Is Prejudice Infecting Data? How Human Problems Become Technological Problems

Data is being called the new oil; can its mining have just as many repercussions? This information may be compromised by the prejudice of the humans its collected from.

It is easy to think that computer technology’s cold, logical neutrality would free it from the prejudices of humankind. However, this is unfortunately not the case. In fact, in some ways, machine learning programs and similar initiatives are actually more at risk of bias than people are, due to the way in which computers build simulated logical patterns.

Computer “thinking” is based on data mined from people. With the increasing value of machine learning technology, the data that feeds it is becoming more and more lucrative. In fact, some have begun to dub data “the new oil,” not only because it is the fuel source for a major commodity, but also because both its mining and its aftereffects have far-reaching consequences.

How Human Bias Influences Data

Algorithms built to mimic the process of learning and conclusion-making do so by processing large quantities of data gathered from human users. Massive amounts of data are processed to identify patterns, which algorithms can then use to do things like identify common preferences, or even mimic human behaviors. These algorithms have a wide range of applications for companies, from lead generation based on targeted marketing, to more sophisticated artificial intelligence operations.

Bias is a component of the human thought process, and therefore data inherently holds bias. This makes it incredibly difficult to gather and adjust data so that it omits a bias while retaining its accuracy — especially since the determination of what is a negative bias is often subjective.

Bias in Data Collection and Data Analysis Methods

The source material is not the only means through which bias can enter data. Data collection and data analysis methods can also introduce bias. There are many mistakes that can negatively impact the data, including:

  • Confirmation Bias: Confirmation bias is an error that involves allowing a preconceived notion to impact how you prioritize or interpret information. An example of confirmation bias would be if you had a strong opinion that most people preferred vanilla ice cream over chocolate ice cream and, as a result, gave more weight to data that supported that conclusion.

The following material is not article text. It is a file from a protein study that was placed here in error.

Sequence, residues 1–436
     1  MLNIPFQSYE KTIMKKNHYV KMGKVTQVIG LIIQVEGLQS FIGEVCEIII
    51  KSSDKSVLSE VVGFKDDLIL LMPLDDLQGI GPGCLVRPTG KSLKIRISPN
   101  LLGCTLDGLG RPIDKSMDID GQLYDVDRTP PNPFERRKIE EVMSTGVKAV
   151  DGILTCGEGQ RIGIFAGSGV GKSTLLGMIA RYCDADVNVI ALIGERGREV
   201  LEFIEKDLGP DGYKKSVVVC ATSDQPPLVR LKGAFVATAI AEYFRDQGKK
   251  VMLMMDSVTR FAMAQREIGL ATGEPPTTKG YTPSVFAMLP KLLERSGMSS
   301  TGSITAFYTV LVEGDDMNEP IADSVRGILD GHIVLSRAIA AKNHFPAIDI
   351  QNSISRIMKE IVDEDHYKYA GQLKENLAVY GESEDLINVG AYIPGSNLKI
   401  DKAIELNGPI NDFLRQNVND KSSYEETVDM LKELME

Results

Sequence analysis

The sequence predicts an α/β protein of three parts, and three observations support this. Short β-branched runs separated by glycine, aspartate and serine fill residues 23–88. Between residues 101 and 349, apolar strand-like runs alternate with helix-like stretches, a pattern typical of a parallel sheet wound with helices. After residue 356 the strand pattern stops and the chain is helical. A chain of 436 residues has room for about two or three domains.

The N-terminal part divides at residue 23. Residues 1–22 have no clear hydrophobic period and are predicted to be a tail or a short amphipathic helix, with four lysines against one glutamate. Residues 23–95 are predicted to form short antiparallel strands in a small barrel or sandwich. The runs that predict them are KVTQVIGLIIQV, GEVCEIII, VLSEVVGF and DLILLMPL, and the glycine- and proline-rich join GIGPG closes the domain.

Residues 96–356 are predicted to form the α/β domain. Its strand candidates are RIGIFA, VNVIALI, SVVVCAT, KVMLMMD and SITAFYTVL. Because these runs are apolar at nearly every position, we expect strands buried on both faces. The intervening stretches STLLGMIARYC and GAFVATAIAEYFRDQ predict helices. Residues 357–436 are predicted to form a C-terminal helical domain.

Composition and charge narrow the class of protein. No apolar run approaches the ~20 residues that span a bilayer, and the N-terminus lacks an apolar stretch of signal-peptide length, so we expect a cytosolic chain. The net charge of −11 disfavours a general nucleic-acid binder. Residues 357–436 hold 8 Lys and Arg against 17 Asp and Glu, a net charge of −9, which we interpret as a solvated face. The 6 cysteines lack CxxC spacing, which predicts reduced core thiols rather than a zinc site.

• Selection Bias: Selection bias is an error that involves using population samples that don’t accurately represent everyone in the target group. For example, data taken from one neighborhood would not be an accurate data sample to represent the city at large. Selection bias can be caused by many mistakes, including voluntary participation, limiting factors for participation, insufficient sample size, or intentional bias.
  • Poor Interpretation of Outliers: Outliers can significantly skew data. For example, when analyzing income in the United States, there are a few extremely wealthy individuals whose income can warp any calculation of averages. For this reason, the median wage is often a more accurate representation of the larger population.

Ethical matters regarding the collection of data are increasingly being raised by the public, especially as it concerns consumer privacy. While consumer data can be utilized in CRM systems and similar technology to improve customer experience, it can also be selfishly used by companies for the sake of their own gain.

In fact, there is such widespread concern that many laws and regulations have been enacted on the subject across the globe, such as the General Data Protection Regulation (GDPR). Therefore, those who want to work with ethical data mining may find it helpful to seek out businesses that are compliant with GDPR and/or similar codes.

Examples of Data Bias in A.I.

The impact of biased data on applications such as A.I. is not always theoretical, or even subtle. A famous example is Microsoft’s Tay. Tay was a chatbot released by Microsoft in 2016 that used artificial intelligence technology to create and post Tweets. Soon after going live, Tay began posting Tweets with concerning content, much of it discriminatory in nature.

After deactivating Tay, the Microsoft team released a statement about the incident. This statement pointed to Twitter users intentionally spamming Tay’s conversational threads with inflammatory statements as the source of her behavior. Tay used those threads as a means of data mining to influence its output. Although this incident was at least partially perpetuated by intentional sabotage from users, it is an illustration of how discriminatory thoughts can take form in the data that is increasingly being utilized in our day-to-day lives.

The Impact of Biased Data

Because data-driven technology is now so omnipresent, biased data can have a wide range of consequences. Some of these consequences are the more obvious problems inherent to the marketing of a faulty product. However, there may also be more complex social repercussions.

As stated previously, machine learning can be even more susceptible to bias than humans are. The advantage that humankind has over machine learning is that humans, at least in groups, have the capacity for cultural evolution, and cultural evolution provides some level of check-and-balance against prejudice. However, if we are constantly feeding prejudice back into our cultural consciousness through the vehicle of data-driven technology, prejudices may be subconsciously reinforced, and the natural social stabilization process stunted.